Turkish government blocks access to Fethullah Gülen’s four critical videos in Youtube

Fethullah Gülen, an Islamic cleric who has been living in the United States in a self-imposed exile since 1999, has become the arch-enemy of Turkish President Recep Tayyip Erdoğan since 2013.

Turkish government has blocked access to four critical videos of Turkish-Islamic scholar Fethullah Gülen which were recently posted in Youtube on Tuesday.

Following a demand for censorship by the Bureau of Press Crimes at İstanbul Chief Prosecutor’s Office, İstanbul 9th Penal Court of Peace has decided to block access to the videos in Youtube posted by a user named “HerkulNagme”. The court has listed the blocked videos in its decision as “Diyanet or report?” which was posted on July 28, 2017; “The age of Sufyanism, social insanity and legal struggle (Bamteli)” on August 6, 2017; “Third Satanic Phase” on August 11, 2017; and “The last satanic scenario (Bamteli)” on August 13, 2017.

Gülen said in his last two videos in Youtube that Turkish government circles that have scapegoated him and his movement for all the crimes in Turkey are planning to assassinate prominent people in Turkey and put the blame on him and his followers.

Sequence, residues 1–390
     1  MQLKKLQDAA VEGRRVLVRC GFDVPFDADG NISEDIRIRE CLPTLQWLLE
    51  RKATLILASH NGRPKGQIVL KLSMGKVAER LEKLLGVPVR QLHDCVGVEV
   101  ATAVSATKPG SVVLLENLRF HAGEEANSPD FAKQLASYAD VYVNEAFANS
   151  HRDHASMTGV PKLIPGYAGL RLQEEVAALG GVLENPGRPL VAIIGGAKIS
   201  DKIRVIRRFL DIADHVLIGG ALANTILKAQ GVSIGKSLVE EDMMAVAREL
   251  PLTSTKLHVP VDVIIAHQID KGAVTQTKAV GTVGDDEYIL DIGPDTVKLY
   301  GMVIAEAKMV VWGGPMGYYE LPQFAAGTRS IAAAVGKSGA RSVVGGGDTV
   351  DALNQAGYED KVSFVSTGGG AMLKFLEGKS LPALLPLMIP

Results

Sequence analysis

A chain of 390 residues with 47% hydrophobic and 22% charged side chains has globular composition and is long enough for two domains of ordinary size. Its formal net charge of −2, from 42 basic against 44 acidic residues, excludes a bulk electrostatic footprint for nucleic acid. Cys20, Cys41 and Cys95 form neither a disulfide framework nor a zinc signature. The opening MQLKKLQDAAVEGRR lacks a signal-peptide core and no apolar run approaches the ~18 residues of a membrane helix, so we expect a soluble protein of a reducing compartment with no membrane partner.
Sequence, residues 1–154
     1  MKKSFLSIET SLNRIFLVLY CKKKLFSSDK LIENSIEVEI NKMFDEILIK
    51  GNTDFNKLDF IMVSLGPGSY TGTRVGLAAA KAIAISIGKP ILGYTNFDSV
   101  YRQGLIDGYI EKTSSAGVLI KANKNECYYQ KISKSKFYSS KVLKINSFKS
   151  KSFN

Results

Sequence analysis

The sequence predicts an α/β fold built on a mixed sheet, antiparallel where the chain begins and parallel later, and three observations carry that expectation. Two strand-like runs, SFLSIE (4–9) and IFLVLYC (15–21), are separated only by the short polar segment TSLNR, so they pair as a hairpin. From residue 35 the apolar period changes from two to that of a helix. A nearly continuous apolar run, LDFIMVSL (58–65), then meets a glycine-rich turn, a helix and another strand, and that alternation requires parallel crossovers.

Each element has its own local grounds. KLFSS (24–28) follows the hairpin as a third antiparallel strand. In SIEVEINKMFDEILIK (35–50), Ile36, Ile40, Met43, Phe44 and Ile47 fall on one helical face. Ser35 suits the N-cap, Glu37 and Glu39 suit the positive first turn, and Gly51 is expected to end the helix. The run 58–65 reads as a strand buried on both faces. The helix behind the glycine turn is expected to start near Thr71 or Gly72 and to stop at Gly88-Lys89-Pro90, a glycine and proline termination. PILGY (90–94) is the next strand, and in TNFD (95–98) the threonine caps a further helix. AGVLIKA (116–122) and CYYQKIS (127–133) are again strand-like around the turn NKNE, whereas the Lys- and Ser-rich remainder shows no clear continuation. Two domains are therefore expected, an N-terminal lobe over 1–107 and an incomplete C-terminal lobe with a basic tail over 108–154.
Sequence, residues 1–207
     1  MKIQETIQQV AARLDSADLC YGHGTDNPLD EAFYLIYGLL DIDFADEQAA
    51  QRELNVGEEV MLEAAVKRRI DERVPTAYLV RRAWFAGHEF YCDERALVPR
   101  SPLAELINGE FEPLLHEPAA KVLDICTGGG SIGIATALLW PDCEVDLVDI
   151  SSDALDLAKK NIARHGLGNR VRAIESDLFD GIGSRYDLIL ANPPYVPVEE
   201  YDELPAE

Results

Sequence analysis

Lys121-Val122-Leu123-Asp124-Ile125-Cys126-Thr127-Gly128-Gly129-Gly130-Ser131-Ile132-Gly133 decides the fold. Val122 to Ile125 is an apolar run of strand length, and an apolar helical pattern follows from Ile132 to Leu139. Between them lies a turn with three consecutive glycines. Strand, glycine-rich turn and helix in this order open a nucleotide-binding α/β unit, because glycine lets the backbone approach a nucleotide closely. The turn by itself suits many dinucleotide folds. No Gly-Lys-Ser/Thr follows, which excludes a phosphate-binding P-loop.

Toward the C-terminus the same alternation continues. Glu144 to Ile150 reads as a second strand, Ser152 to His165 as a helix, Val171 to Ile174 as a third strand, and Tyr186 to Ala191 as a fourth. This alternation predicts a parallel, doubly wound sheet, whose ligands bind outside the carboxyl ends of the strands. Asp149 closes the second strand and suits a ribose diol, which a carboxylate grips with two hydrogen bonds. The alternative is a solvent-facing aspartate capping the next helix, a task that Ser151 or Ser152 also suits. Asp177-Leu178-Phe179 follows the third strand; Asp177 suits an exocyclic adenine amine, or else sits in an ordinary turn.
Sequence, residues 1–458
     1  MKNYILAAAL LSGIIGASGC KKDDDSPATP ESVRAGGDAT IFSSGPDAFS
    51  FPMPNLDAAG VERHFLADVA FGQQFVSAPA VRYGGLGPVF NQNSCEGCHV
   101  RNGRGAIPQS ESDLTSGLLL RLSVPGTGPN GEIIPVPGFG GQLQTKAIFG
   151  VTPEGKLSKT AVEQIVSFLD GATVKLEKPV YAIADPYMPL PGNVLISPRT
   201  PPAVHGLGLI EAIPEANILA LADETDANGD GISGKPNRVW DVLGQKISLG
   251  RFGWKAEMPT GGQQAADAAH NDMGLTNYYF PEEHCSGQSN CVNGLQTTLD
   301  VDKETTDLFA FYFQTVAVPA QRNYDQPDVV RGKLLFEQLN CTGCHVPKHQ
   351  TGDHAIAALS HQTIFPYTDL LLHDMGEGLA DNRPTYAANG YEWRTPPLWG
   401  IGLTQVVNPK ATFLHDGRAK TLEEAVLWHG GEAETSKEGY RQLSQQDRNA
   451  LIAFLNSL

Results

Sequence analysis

In a video shared Sunday night on the Herkul.org website, where his speeches are aired, Gülen said after a graft probe in 2013 and a controversial coup attempt on July 15, 2017, government circles are now planning to pin the blame on him and the Gülen movement, also known as Hizmet, for the planned assassination of several famous figures in Turkey.

Underlining that dark power circles around the government were not successful in convincing people and especially the international community of the followers of the Gülen movementbeing behind the failed coup last year, Gülen said they have prepared a serious plan to assassinate prominent people in Turkey and link it to him in order to turn people against the movement.